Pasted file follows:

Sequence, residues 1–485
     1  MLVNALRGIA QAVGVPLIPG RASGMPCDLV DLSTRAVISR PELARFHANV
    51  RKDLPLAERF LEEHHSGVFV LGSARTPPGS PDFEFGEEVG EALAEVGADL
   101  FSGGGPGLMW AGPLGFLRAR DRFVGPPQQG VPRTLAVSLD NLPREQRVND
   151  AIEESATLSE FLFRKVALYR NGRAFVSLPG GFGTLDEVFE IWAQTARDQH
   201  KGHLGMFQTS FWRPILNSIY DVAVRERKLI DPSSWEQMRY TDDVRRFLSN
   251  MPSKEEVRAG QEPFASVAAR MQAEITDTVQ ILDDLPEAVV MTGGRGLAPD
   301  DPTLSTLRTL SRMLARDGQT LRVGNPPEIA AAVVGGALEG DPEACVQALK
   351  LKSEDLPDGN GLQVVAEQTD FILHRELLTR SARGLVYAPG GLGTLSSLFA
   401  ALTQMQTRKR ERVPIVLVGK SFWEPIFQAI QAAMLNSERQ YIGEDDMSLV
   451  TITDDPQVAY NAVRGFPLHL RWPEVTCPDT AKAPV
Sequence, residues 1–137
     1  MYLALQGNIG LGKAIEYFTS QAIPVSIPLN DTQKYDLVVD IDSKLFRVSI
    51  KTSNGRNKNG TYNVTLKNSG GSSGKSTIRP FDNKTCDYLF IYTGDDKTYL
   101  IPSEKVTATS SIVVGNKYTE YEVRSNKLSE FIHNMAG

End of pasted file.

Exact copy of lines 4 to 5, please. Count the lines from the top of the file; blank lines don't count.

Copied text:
   101  FSGGGPGLMW AGPLGFLRAR DRFVGPPQQG VPRTLAVSLD NLPREQRVND
   151  AIEESATLSE FLFRKVALYR NGRAFVSLPG GFGTLDEVFE IWAQTARDQH